Why Are Network Protocols Needed?
By Alan Hughes
The growth of the Internet and networking in general has facilitated improved communications within and between companies, and individuals too. Network equipment vendors are numerous, providing varied levels of scalability and security in their offerings, and a given business is likely to use equipment from more than one vendor. Network protocols facilitate communication between these heterogeneous pieces of hardware.
In the 1960s and 1970s, the creators of early networks such as ARPAnet had a goal of creating a network that could involve different hardware and software and still communicate. In order to make this internetworking a reality, they developed a framework of protocols that defined what a data packet on the network was to look like. The result of their work became what we know today as the Internet.
Protocols are simply rules for communication. As applied to humans, protocols typically refer to rules of communication between people of different cultures or people in specific situations. A violation of a protocol can lead to a breakdown in communication. Something as simple as placing a business card in your pocket may offend your Asian business partner because it violates etiquette, a type of protocol. Protocols are critical for communications of all types.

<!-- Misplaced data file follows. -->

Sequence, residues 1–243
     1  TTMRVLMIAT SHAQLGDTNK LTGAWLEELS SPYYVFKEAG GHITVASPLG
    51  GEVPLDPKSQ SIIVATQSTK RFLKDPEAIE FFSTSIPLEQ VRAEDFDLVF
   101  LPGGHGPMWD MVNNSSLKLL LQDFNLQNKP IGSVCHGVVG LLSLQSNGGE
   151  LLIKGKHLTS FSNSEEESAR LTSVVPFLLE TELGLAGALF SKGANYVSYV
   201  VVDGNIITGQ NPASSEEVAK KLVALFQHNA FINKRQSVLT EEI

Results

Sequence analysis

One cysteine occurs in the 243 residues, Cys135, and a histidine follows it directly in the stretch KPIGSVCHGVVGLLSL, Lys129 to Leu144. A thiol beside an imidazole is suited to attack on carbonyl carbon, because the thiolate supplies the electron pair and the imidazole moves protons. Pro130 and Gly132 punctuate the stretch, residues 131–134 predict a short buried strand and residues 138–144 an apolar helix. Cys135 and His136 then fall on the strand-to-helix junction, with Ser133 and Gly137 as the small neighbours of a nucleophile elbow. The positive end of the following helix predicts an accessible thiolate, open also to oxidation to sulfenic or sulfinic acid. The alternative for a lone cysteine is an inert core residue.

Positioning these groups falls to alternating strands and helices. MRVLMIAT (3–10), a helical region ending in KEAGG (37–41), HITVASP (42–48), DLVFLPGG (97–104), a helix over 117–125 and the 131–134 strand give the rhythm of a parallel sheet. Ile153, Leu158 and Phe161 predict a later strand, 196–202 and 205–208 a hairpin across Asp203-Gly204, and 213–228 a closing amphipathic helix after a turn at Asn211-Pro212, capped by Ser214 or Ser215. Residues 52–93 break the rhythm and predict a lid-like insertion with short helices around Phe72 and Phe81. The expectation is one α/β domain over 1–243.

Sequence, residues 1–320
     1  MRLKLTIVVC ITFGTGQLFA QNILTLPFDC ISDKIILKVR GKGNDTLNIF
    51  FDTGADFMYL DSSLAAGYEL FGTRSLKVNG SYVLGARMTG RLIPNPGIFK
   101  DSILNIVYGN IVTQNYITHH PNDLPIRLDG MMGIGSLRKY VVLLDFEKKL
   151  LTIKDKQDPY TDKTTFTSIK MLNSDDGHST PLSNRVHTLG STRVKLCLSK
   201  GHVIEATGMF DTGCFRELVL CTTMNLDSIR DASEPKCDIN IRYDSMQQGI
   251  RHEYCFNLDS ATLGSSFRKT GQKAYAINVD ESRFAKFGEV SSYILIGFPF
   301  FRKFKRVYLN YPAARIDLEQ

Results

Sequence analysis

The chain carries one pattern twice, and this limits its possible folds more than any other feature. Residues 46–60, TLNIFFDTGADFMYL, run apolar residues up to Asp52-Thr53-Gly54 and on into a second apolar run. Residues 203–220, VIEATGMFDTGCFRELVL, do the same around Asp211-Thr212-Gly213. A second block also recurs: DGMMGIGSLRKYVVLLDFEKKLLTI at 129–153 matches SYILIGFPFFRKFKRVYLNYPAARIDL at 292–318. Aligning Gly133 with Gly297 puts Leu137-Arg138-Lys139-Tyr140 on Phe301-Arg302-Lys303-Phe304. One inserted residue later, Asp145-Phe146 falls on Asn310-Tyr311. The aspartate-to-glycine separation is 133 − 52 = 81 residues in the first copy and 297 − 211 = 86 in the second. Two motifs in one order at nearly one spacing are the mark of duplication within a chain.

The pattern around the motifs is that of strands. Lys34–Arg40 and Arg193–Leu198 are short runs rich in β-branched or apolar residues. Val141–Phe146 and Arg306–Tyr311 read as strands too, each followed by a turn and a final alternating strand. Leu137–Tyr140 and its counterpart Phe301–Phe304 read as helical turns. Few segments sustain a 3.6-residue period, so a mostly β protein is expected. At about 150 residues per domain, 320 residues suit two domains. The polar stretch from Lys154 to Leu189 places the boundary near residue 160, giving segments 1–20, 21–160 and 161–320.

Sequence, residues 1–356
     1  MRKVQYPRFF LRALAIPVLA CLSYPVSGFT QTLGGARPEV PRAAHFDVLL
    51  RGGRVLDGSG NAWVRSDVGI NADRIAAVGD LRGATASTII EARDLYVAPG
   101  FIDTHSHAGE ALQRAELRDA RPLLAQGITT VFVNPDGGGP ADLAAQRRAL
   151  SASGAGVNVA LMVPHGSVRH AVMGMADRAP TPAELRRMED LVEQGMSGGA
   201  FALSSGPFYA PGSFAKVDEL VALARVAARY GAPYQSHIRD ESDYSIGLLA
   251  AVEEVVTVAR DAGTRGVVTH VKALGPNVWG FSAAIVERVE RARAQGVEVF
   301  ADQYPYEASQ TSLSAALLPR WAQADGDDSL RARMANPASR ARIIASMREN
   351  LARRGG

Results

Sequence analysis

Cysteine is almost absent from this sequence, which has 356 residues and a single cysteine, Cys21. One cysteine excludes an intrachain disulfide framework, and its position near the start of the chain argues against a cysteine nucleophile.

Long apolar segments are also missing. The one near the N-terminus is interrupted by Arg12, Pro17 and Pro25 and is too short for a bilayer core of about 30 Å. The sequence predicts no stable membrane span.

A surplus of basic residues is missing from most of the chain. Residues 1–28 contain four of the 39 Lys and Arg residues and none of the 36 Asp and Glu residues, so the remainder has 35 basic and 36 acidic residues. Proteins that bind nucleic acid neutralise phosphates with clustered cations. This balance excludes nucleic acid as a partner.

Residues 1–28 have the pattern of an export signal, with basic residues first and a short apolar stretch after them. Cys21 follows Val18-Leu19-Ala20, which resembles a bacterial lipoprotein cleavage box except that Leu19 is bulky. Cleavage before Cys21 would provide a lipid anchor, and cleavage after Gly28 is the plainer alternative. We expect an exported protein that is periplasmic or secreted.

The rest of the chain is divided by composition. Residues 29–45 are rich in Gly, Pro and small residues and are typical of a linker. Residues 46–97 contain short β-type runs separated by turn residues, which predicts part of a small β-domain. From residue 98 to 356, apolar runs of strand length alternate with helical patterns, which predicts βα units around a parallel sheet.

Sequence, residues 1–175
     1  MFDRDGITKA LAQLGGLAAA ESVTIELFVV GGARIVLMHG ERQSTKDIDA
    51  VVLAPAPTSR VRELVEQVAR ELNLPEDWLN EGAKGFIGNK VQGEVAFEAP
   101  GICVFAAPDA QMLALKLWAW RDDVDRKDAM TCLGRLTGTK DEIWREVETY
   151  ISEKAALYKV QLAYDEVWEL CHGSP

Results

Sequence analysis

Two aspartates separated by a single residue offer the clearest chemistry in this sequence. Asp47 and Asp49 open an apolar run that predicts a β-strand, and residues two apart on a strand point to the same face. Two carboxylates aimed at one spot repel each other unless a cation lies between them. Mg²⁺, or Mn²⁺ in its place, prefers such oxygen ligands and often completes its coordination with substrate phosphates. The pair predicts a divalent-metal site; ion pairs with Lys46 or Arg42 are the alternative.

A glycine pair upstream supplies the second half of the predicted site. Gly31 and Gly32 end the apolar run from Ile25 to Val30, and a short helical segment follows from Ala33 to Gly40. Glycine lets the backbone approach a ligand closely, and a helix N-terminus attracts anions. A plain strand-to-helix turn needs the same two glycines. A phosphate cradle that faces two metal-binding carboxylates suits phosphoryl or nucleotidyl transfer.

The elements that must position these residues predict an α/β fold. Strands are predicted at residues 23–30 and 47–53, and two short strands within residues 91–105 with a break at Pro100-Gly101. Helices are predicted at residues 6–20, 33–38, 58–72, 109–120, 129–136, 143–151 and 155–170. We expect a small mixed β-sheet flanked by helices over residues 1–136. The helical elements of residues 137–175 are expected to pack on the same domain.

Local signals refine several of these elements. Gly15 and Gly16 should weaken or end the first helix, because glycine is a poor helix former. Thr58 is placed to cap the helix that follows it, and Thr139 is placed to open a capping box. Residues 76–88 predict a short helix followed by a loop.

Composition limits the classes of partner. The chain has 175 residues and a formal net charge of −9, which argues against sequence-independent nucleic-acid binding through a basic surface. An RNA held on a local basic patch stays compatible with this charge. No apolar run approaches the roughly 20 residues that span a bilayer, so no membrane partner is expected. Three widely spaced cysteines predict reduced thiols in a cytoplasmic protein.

Computer networks provide a communications path within and between businesses of various types in different locations around the world. Computer networks employ various types of equipment, including routers, switches, hubs and network interface cards. These pieces of equipment come from different vendors, but they must all work together or the network does not operate correctly.
Network protocols define the rules that govern network communication. These rules determine things like packet format, type and size. They also determine what happens when an error occurs, and which part of the network is supposed to handle the error and how. Network protocols work in layers, the highest being what the user sees, and the lowest being the wire that the information travels across. These layers communicate with each other according to the rules, allowing human communication to occur accurately and efficiently.
Alan Hughes has more than 30 years of experience in IT including mainframes, programming, client/server, networks, project management, security, disaster recovery, information systems and hardware. He holds a master's degree in applied computer science and several certifications. He currently teaches information technology at the university level.